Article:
Speaking with Hands: Photographs from the Buhl Collection

Speaking with Hands: Photographs from the Buhl Collection


Speaking with Hands: Photographs from The Buhl Collection

Solomon R. Guggenheim Museum
1071 Fifth Avenue, New York City

June 4–September 8, 2004

Press Preview
June 3, 10 AM–NOON

Drawn from Henry M. Buhl's extensive private collection, this exhibition consists of 175 photographs devoted to the subject of hands. The Buhl Collection demonstrates the prevalence of the hand as a photographic theme, a result, in part, of photography's easy ability to capture fragments and detail, as well as ephemeral movements. In the exhibition, the hand is depicted both literally, in the context of portraiture, for example, as well as figuratively, in terms of hand gestures captured in documentary images. Spanning the history of the photographic medium, the exhibition encompasses a comprehensive range of photographic practices, including scientific, journalistic, and fine-art photography, with a strong component of contemporary art.

The exhibition will be installed in five galleries in the museum's Frank Lloyd Wright building and Annex. Photographs will be grouped into historically based categories, as well as thematic sections transcending chronology.

Portraits of hands that reveal the nature of the sitters' profession—whether artist, athlete, or laborer—comprise a significant part of The Buhl Collection. Hands of unnamed subjects suggest their identity in terms of their physical characteristics (gender, age, ethnicity), while other portraits purport to reveal the source of their subject's celebrity. The photograph that inaugurated the collection, Alfred Stieglitz’s portrait of Georgia O’Keeffe, Hands with Thimble, 1920, will be featured. Among the photographers whose portraiture is included in this section are Diane Arbus, Annie Leibovitz, Robert Mapplethorpe, Edward Steichen, Thomas Struth, Andy Warhol, and Edward Weston.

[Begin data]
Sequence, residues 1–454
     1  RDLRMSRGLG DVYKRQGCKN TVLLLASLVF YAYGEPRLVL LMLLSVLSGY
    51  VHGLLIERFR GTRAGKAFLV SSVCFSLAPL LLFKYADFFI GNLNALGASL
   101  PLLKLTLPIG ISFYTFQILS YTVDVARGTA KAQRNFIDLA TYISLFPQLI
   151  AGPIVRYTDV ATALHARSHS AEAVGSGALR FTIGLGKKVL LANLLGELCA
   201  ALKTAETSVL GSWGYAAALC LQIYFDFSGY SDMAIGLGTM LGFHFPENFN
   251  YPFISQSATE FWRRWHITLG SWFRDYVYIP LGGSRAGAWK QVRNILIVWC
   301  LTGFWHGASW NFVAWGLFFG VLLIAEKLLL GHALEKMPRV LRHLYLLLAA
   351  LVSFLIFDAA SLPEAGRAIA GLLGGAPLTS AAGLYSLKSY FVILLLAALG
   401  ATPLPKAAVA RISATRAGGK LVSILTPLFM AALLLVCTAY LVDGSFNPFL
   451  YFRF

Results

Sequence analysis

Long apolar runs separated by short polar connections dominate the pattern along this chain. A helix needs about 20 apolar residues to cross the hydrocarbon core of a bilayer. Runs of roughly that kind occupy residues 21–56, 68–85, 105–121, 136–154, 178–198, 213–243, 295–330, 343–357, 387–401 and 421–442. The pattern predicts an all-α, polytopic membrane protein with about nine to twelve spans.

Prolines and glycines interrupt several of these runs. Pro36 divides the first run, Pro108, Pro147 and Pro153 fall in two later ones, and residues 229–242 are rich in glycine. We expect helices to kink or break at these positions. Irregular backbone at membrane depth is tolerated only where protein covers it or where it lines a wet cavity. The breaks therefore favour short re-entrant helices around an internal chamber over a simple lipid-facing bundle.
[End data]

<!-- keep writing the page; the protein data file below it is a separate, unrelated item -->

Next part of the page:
The expressive use of hands is captured in many photographs in the collection. Conventions of theatrical gesture are featured in portraits of actors and dancers, while the gesticulations of private individuals are documented in poetical representations of everyday life. One gallery will be primarily dedicated to photojournalistic images that depict the rhetoric of gesture employed by charismatic political figures. In these images the hand, though only a part of a larger scenario, is disproportionately the bearer of meaning. Photographers in this section include Julia Margaret Cameron, Robert Capa, Elliott Erwitt, Robert Frank, Dorothea Lange, Helen Levitt, Nadar, and Robert Rauschenberg, among others.

One gallery will be devoted chiefly to abstract and manipulated work from the 1920s to the 1950s in which the hand appears in a fragmented and fetishized form. Techniques that directly present the actual hand, such as photograms, are included here, as well as photomontages that deconstruct and recompose hands in evocative ways. Some of the photographers whose work is represented in this part of the show are Herbert Bayer, André Kertész, El Lissitzky, Lee Miller, Tina Modotti, László Moholy-Nagy, and Man Ray.

Art of the last twenty-five years composes a large part of The Buhl Collection and will be featured in two Annex galleries. In the 1970s, many conceptual and performance artists employed photography to document the intersection of their bodies and their environment, to produce a deadpan rendering of daily life and experience. Often the hand was used as a unit of measure and a device to locate the artist in relation to the creation of the piece, as a denotation of reality. Subsequently, performative gestures have been incorporated into photographic representations of the body (typically that of the artist), which frequently yield a physically stressed or grotesque corporeal image. Most of the contemporary work in the exhibition is conceptually oriented and distinct from earlier photographs in its large scale and use of color. Among the artists represented here are Vito Acconci, Janine Antoni, Maurizio Cattelan, Chuck Close, Gregory Crewdson, Nan Goldin, Andreas Gursky, Barbara Kruger, Paul McCarthy, Vik Muniz, Bruce Nauman, Shirin Neshat, Gabriel Orozco, Jenny Saville, Cindy Sherman, and Jeff Wall.

The exhibition is organized by Jennifer Blessing, Project Curator, Solomon R. Guggenheim Museum.

The exhibition is accompanied by a fully illustrated catalogue with essays by Jennifer Blessing, Kirsten A. Hoving, and Ralph Rugoff. The publication will include entries on all the artists and works in the exhibition. Designed by Bethany Johns, the catalogue is published by the Guggenheim Museum and distributed by D.A.P. ($65 hardcover; $45 softcover).

General Information: 212 423 3500
HOURS: Saturday–Wednesday 10 AM–5:45 PM; Friday 10 AM–8 PM; closed Thursday
ADMISSION: $15 adults; $10 students/seniors; children under 12 free; members free

February 9, 2004

Guggenheim Public Affairs
Tel: 212-423-3840
Anne Edgar
Tel: 646-336-7230


Press images

Press Images

Download high resolution, press-approved images.

contact us

Have a media inquiry? Contact us for more information.